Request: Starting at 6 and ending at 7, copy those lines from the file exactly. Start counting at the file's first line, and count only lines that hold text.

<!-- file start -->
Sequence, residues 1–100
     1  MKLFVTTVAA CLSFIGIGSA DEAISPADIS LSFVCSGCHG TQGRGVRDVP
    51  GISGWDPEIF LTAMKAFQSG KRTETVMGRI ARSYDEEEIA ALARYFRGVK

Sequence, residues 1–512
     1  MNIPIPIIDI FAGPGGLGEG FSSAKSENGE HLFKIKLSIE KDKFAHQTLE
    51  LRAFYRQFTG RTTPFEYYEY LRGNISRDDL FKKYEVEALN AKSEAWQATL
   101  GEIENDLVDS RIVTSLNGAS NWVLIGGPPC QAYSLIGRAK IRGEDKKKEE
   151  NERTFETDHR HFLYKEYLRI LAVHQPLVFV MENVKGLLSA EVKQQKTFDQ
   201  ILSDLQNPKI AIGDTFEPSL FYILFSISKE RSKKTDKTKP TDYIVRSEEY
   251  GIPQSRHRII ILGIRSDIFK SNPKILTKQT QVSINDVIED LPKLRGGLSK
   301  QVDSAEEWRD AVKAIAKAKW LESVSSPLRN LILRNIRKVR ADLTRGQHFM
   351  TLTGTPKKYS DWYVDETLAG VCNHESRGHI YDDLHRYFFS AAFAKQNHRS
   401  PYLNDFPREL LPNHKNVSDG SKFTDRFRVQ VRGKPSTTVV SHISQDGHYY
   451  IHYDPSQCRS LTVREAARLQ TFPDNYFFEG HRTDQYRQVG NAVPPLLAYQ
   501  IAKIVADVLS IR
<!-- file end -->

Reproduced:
    51  LRAFYRQFTG RTTPFEYYEY LRGNISRDDL FKKYEVEALN AKSEAWQATL
   101  GEIENDLVDS RIVTSLNGAS NWVLIGGPPC QAYSLIGRAK IRGEDKKKEE